Solar cells based on crystals known as perovskites have advanced by leaps and bounds in recent years. Now scientists have found a way to increase perovskite solar cell size while maintaining the device’s high conversion efficiencies.
In the span of less than a decade, the conversion efficiency of perovskite solar cells has grown from 3.8 to 22.1 percent, an unprecedented rise in the field of photovoltaics. Such devices are also appealing because they are much cheaper to make than the silicon wafers used in conventional solar cells.
However, a major drawback of high-efficiency perovskite solar cells is how small they generally are, ranging from 0.04 to 0.2 square centimeters. Currently, the best conversion efficiency of a perovskite solar cell larger than 1 square centimeter is 15.6 percent.
Description: EPFL Professor Michael Graetzel holds a perovskite solar cell made with a vacuum-flash and which surpasses 20% efficiency.Photo: Alain Herzog/EPFL
Now scientists have created perovskite solar cells more than 1 square centimeter in size with an average conversion efficiency of 19.6 percent and a maximum efficiency of 20.5 percent, matching the performance of conventional thin-film solar cells of similar sizes.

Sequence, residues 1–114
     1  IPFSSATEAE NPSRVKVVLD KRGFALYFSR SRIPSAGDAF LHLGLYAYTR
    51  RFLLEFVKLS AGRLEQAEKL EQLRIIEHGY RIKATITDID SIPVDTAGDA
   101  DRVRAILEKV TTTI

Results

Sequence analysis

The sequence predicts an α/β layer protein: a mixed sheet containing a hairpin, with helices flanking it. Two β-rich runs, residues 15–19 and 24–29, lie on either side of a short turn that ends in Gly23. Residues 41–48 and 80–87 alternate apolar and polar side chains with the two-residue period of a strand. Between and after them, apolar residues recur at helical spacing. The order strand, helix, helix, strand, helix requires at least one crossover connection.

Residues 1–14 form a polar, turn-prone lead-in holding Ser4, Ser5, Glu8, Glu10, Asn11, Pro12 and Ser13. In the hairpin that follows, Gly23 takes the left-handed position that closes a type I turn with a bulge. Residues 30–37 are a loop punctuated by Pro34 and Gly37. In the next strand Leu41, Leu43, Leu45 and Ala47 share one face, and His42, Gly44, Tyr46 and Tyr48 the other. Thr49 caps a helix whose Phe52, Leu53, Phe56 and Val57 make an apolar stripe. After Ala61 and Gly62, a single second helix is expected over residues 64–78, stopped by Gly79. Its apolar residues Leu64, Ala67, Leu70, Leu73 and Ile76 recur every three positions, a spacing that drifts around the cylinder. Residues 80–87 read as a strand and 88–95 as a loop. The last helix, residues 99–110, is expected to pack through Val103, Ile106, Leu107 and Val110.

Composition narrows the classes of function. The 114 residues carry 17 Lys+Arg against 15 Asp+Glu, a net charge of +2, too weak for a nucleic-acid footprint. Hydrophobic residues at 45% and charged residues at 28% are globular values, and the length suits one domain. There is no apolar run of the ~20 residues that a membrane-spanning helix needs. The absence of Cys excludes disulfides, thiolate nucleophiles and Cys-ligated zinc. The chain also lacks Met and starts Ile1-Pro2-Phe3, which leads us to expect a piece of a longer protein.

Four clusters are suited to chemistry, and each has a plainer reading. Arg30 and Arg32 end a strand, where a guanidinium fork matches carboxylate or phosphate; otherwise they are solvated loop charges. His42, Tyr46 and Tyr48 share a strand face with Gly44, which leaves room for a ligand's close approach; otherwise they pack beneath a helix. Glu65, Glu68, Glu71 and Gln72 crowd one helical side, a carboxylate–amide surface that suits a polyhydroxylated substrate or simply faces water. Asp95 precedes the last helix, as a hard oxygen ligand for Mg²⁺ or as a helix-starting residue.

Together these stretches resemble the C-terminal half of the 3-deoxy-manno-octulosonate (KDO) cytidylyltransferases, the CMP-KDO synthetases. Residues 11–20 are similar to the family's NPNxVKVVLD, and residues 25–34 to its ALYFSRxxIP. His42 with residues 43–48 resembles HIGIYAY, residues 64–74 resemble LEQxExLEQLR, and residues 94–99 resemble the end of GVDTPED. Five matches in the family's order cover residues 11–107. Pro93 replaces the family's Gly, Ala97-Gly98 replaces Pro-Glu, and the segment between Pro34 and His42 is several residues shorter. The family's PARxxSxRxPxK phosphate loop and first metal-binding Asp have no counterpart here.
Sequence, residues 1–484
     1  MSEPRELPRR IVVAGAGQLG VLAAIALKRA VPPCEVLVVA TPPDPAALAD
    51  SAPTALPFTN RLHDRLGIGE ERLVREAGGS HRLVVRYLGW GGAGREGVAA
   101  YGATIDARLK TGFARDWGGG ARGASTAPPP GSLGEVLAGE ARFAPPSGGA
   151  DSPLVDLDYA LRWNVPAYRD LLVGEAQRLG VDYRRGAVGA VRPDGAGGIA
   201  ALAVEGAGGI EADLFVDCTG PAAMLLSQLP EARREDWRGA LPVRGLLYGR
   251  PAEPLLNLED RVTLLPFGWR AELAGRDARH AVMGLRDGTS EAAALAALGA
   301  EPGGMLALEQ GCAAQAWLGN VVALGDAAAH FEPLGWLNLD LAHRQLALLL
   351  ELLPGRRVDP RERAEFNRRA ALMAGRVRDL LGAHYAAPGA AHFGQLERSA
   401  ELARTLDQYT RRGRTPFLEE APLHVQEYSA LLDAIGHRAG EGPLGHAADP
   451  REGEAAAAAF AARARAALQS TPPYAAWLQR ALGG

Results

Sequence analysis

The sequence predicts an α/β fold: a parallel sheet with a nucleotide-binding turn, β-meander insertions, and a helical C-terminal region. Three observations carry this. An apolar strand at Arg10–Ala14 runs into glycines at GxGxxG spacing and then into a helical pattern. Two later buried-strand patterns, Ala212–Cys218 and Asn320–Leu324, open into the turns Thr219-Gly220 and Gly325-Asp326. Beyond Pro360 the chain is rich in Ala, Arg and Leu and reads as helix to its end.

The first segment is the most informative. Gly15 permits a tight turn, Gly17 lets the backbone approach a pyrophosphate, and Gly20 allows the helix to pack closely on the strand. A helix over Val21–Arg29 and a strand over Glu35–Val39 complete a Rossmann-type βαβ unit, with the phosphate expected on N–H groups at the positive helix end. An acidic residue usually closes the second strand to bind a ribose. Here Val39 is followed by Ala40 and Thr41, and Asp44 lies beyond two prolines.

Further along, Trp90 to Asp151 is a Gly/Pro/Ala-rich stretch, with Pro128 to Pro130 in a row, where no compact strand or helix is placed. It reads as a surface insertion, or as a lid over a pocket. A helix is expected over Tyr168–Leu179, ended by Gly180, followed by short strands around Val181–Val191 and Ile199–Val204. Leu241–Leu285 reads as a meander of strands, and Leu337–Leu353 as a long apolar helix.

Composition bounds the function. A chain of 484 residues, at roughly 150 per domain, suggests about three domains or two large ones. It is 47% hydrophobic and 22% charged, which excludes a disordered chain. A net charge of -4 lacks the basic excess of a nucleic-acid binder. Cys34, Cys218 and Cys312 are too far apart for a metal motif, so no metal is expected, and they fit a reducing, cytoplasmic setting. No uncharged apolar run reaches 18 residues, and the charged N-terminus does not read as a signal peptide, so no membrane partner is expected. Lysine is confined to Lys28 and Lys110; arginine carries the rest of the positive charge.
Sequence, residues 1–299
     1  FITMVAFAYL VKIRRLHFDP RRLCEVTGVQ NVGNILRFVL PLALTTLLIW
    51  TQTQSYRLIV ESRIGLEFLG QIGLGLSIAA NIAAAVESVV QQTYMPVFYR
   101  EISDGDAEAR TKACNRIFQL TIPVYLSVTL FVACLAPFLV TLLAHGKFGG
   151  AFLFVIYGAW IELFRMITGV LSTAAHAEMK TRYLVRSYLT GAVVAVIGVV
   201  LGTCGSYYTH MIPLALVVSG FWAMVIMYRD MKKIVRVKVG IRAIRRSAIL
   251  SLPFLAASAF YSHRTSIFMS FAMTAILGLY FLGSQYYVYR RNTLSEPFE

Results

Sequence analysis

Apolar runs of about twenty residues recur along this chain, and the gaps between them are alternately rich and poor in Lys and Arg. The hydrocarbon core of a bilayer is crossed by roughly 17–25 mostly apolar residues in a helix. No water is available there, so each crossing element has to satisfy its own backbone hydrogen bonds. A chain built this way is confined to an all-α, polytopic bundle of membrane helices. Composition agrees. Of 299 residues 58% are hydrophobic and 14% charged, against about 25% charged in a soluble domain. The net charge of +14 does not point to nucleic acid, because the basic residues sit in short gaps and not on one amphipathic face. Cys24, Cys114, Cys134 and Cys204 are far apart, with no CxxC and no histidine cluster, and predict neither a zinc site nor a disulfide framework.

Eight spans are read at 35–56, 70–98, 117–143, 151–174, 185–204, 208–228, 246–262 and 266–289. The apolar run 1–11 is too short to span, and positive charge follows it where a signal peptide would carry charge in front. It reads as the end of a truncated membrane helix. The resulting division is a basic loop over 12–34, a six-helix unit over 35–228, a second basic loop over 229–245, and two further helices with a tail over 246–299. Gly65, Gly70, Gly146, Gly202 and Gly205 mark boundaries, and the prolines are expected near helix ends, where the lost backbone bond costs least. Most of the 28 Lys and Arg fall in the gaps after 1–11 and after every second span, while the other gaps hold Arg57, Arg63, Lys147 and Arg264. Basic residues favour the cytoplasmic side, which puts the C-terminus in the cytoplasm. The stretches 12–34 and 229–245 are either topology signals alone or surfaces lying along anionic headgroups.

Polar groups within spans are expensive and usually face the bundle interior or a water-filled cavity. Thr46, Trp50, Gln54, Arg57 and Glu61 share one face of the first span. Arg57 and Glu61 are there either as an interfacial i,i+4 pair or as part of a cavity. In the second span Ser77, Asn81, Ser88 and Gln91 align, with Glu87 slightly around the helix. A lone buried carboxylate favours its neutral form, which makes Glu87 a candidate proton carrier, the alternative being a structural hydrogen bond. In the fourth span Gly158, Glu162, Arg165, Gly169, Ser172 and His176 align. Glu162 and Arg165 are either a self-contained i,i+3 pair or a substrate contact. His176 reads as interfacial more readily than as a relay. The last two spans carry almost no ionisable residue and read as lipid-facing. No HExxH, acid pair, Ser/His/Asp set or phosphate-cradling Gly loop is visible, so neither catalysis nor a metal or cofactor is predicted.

"We have achieved an unprecedented efficiency level at a larger size, which has been a problem so far," says study co-author Michael Grätzel, director of the Swiss Federal Institute of Technology Lausanne's Laboratory of Photonics and Interfaces. "How high can we go with efficiency? Theoretical efficiencies are around 30 percent. While we might not get to theoretical efficiencies, we can still go much higher than we have currently."
Conventional manufacturing techniques for perovskite solar cells precipitate solid perovskites from a solution by dripping a chemical known as an "anti-solvent" into the center of the perovskite film as it is spun. However, this results in blotchy impurities and ultimately leads to defects in the perovskite film. In addition, the anti-solvents currently used are toxic and harmful to the environment, hampering their large-scale application, Grätzel says.
Instead, the researchers employed an anti-solvent-free technique called vacuum-flash solution processing. This new technique uses a few seconds of mild vacuum to dry up solvent and help trigger precipitation of solid perovskite. In combination with rapid heat annealing, this method resulted in thin, smooth, highly oriented crystalline perovskite films.
"We can very simply get remarkable results compared to anti-solvent methods," Grätzel says. "We are now excited about scaling up to make bigger modules."
The scientists detailed their findings online June 9 in the journal Science.
Charles Q. Choi is a science reporter who contributes regularly to IEEE Spectrum. He has written for Scientific American, The New York Times, Wired, and Science, among others.